NC State Senate Bill 873 proposes lowering tuition to $1k/year at five UNC system schools: Elizabeth City State, Fayetteville State, UNC-Pembroke, Western Carolina, and Winston-Salem State. As reported in Friday's N&O, the UNC Faculty Assembly has criticized the proposal because it does not specify how the campuses will make up for the lost tuition revenue and because the plan would undermine the mission of four historically minority campuses. Tuition ranges between $2800 and $3900 at these campuses. In contrast, tuition is $6407 per year at NC State; mandatory fees move the annual cost up to $8880.
The bill's sponsor Sen. Tom Apodaca (a WCU graduate) argues that this would make college education more affordable. However, if affordability is the main concern, this bill is the wrong way to go. Students from all income levels would be applying to these campuses, many of whom could afford to pay much more. Also, the bill does nothing to make tuition at the other UNC campuses more affordable.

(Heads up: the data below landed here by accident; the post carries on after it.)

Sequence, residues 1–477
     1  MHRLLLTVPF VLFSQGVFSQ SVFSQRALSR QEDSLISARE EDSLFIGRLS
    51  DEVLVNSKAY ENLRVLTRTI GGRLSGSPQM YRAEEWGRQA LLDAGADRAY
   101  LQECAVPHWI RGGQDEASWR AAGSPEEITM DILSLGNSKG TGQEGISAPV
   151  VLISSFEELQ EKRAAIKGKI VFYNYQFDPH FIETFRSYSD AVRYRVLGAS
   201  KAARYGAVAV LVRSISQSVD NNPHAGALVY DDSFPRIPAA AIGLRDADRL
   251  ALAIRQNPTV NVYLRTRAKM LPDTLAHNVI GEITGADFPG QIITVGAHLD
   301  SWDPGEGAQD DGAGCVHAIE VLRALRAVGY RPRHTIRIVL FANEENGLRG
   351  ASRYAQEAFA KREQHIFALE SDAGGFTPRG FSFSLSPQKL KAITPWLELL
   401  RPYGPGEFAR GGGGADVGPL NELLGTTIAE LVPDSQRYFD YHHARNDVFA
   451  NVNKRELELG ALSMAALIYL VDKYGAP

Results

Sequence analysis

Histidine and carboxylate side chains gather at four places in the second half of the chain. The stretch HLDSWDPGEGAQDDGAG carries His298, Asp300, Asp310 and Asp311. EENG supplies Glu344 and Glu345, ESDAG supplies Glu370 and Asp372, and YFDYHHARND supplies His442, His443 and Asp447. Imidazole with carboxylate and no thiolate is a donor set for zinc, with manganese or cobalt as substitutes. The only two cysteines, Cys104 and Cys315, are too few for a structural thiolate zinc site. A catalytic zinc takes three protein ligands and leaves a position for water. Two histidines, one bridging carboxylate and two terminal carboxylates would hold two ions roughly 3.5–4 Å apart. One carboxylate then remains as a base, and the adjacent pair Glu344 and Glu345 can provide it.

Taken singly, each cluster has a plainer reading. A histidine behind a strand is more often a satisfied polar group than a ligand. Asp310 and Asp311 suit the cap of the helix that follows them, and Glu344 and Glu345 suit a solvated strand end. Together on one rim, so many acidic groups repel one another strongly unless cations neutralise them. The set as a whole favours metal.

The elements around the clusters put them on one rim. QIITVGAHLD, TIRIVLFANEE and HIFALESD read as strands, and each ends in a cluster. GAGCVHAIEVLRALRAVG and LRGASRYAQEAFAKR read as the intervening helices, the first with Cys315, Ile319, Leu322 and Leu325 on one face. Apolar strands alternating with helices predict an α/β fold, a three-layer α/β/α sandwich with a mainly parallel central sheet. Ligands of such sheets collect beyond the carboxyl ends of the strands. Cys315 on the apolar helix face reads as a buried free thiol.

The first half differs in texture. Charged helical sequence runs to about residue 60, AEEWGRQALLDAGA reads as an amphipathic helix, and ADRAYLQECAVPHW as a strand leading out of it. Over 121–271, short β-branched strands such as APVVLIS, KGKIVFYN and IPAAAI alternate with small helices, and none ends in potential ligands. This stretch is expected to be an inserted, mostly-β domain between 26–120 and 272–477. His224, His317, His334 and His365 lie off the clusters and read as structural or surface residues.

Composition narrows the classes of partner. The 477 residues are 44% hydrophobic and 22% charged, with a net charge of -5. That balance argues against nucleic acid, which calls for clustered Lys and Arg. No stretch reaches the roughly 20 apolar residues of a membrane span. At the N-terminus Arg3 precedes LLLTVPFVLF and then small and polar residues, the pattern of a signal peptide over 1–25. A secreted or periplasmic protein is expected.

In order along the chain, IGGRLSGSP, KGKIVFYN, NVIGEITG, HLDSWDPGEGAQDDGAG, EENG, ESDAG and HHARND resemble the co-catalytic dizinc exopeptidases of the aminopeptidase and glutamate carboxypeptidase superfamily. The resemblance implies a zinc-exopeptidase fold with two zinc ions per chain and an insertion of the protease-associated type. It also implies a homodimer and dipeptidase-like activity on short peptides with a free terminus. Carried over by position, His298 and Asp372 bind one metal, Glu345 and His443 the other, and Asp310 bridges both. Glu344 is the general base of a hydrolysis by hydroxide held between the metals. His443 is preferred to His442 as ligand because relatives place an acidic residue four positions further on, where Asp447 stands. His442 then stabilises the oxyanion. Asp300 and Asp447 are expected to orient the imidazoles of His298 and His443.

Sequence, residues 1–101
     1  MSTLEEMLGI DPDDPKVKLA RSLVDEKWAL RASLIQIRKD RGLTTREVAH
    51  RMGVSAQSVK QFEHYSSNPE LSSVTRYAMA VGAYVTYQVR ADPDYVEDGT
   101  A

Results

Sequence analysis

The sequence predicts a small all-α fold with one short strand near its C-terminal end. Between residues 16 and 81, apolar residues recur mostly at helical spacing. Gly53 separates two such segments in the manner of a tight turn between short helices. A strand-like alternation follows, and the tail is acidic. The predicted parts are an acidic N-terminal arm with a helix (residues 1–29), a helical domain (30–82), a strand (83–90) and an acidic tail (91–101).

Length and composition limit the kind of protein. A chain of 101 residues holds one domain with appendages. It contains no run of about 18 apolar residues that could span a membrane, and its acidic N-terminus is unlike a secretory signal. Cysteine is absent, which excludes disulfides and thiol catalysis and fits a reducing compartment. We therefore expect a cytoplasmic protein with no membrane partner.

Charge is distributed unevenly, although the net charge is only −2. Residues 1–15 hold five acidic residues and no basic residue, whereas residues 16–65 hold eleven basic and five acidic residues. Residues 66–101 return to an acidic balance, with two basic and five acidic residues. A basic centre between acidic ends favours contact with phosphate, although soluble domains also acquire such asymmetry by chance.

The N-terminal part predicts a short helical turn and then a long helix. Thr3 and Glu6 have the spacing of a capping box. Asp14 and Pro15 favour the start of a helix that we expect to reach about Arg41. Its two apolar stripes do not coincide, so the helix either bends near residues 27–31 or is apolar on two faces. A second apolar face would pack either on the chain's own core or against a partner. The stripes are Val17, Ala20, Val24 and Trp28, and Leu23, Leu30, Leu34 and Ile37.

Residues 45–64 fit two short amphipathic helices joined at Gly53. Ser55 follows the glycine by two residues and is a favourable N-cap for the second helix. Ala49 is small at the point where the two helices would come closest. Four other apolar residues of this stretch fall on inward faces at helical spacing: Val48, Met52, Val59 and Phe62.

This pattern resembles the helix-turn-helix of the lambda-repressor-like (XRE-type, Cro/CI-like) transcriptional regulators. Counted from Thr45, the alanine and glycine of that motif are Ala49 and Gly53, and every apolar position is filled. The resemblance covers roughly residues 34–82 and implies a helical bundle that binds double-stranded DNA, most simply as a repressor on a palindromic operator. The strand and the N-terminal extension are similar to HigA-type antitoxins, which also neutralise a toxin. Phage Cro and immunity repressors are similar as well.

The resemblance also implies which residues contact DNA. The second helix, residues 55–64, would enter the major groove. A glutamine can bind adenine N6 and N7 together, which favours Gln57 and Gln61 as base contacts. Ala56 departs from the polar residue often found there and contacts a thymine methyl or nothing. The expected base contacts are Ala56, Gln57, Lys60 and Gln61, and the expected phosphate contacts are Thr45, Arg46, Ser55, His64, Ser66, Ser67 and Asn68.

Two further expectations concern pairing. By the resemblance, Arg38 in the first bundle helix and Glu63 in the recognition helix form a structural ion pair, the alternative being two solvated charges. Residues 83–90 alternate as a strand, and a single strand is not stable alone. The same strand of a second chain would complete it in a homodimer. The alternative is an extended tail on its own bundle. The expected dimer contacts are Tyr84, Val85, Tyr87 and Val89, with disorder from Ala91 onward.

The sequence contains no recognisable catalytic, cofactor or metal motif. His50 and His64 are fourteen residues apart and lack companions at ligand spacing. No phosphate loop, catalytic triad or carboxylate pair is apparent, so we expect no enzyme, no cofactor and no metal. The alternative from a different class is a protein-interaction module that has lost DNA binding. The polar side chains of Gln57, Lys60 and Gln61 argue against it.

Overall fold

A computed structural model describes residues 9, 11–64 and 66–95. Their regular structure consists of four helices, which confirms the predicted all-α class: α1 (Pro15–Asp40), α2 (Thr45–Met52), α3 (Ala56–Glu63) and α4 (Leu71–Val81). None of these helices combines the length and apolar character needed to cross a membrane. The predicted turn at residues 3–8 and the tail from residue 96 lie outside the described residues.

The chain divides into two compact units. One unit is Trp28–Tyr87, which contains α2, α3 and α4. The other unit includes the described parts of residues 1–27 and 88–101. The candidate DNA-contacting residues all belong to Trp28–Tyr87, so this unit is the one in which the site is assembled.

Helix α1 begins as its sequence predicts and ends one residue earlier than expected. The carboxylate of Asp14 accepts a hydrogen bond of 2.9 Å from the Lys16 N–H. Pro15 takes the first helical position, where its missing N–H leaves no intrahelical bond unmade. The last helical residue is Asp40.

The legislature's sudden concern with rising tuition coincides with an election year. The Faculty Assembly report points out that legislatures over the last seven years have cut state funding per degree by $6865 while (not coincidentally) tuition per degree has increased by $6537. Cause and effect?
Don't hold your breath expecting to see the old funding return. Yet if the legislature is truly concerned about UNC system tuition being affordable, it should focus on increasing financial aid for low income students at all campuses. To be innovative, the legislature could consider tying cash grants for tuition now to income-based repayments to the state later. To be even more innovative, the repayment schedule could be lower for those who choose to live in NC (and who would be paying NC taxes).
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